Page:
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Shootings Will Rock Tucson For Some Time


A week ago today, a deranged man with a gun tried to kill Arizona Congresswoman Gabrielle Giffords. When his rampage was over, six people were dead and 13 were wounded. Congresswoman Giffords is recovering from a gunshot to the head. And as NPR's Ted Robbins reports, the city of Tucson is also recovering.

TED ROBBINS: Things like that don't happen here. That's a common response to inexplicable tragedy in a community. But the point is, the shooting did not just happen in Tucson, it happened to Tucson, and Tucson is trying to get its strength back.

GRACE PARRA: It's just going to take one day at a time and, you know, just be there, you know, be there for each other.

ROBBINS: Grace Parra is at Buddy's Bazaar on the playground of Walter Douglas Elementary School on Tucson's west side. It's a monthly gathering where low income families get food from the Tucson community food bank.

ALYSSA CESAR: Squash and oranges. Lemons are good.

ROBBINS: Unidentified Woman: So what you're going to do is (unintelligible) as you can, okay?

ROBBINS: Members of the University of Arizona swim team are helping the kids make glass and clay tiles for a big school mosaic. It was Jeannette Mare's idea. She runs a non-profit called Ben's Bells, which promotes kindness.

JEANNETTE MARE: With every of kindness you do, you're helping to heal this community. So if people can think about the people that we've lost, the people who died and the people that are injured, and in their honor do kindness wherever they are, and that that is no small thing.

ROBBINS: It's no small thing to heal when kids like seven-year-old Joey Parra(ph), Grace's son, are still asking questions about the shooting like this...

JOEY PARRA: She was just walking and then stopped and he just came up to her and shot her?

ROBBINS: Gabby Giffords was walking with constituents when she got shot. And Walter Douglas principal Tamara McAllister says talking is one way the school has been dealing with the tragedy.

TAMARA MCALLISTER: Because when they get their feelings and their questions out, they feel safer and they feel better, and that's what we're here to do.

ROBBINS: Taber MacCallum is a friend of Giffords, and head of Paragon Space Development, a Tucson aerospace company. He says that's one reason the city has responded by opening rather than closing itself off.

TABER M: It's all of our experience, rather than being a sort of a circle the wagon thing, I, you know, I need to hide this piece of shame.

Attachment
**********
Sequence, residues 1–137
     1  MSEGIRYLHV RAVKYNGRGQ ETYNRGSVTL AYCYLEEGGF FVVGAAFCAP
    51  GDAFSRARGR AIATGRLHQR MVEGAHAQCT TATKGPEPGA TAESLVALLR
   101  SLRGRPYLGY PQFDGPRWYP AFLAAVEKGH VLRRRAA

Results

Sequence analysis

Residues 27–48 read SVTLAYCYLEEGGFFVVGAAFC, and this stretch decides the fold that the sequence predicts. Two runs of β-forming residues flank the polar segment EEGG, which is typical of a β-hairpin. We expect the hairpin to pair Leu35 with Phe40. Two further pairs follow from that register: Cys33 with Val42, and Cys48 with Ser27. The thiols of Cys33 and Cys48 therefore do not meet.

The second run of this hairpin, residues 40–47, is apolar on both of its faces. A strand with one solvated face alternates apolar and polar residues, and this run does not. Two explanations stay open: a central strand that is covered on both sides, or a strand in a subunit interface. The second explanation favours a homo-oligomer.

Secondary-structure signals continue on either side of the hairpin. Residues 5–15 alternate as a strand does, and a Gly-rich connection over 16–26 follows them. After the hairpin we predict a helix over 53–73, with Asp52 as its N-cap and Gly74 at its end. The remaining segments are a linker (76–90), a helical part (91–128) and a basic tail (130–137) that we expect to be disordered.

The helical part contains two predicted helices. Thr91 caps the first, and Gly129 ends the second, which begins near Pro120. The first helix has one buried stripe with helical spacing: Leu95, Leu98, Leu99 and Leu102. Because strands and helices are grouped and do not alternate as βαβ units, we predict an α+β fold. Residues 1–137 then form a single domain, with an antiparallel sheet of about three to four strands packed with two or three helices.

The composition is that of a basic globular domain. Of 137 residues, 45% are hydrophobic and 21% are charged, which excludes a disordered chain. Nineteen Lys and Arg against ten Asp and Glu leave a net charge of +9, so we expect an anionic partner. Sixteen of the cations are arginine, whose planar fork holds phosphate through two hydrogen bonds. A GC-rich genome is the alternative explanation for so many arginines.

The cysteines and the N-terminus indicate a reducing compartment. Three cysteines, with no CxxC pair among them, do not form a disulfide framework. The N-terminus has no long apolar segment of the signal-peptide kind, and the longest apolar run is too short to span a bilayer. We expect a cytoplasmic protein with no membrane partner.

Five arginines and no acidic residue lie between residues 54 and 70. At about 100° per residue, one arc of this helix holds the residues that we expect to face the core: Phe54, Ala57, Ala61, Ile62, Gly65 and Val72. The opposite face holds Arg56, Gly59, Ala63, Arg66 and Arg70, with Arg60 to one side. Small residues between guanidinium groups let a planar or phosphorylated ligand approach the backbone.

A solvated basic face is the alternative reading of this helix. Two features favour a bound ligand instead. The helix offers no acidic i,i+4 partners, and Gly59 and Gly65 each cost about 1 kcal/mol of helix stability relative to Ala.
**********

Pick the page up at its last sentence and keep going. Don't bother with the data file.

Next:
ROBBINS: MacCallum is starting a fund in Giffords' honor to promote leadership in the space industry. He says it's one of many ways to channel energy into something positive to repair Tucson's image, and to promote civil discourse.

CALLUM: Well, I do think there's an opportunity to have Tucson seen or known as the beginning of the change, or the agent of change.

ROBBINS: For those directly involved, of course, healing is tough. Jacqueline Jackson used to work for Gabby Giffords. Last Saturday she was shopping at the Safeway near her home and talking with the Congresswoman's staff. She left to get her cell phone in her car, and the shooting began in front of her.

JACQUELINE JACKSON: The images are just locked in my brain, certainly. And it does comes back. It's been real - it's been hard to sleep, and I haven't been able to eat much at all.

ROBBINS: Jackson says she's simultaneously feeling bone-deep sorrow for those who were lost and profound gratitude that she is alive and that Gabby Giffords seems to be recovering. But she says along with the horrifying scene, there's another image which comes to her.

JACKSON: I think of this image of a tree that's hit by lightening, and that lightning's hit and the tree keeps growing, but it grows sideways or it goes around what this wound is. And at some level I think all of us, you know, were hit by lightening.

ROBBINS: Ted Robbins, NPR News, Tucson. Transcript provided by NPR, Copyright NPR.

As supervising editor for Arts and Culture at NPR based at NPR West in Culver City, Ted Robbins plans coverage across NPR shows and online, focusing on TV at a time when there's never been so much content. He thinks "arts and culture" encompasses a lot of human creativity — from traditional museum offerings to popular culture, and out-of-the-way people and events.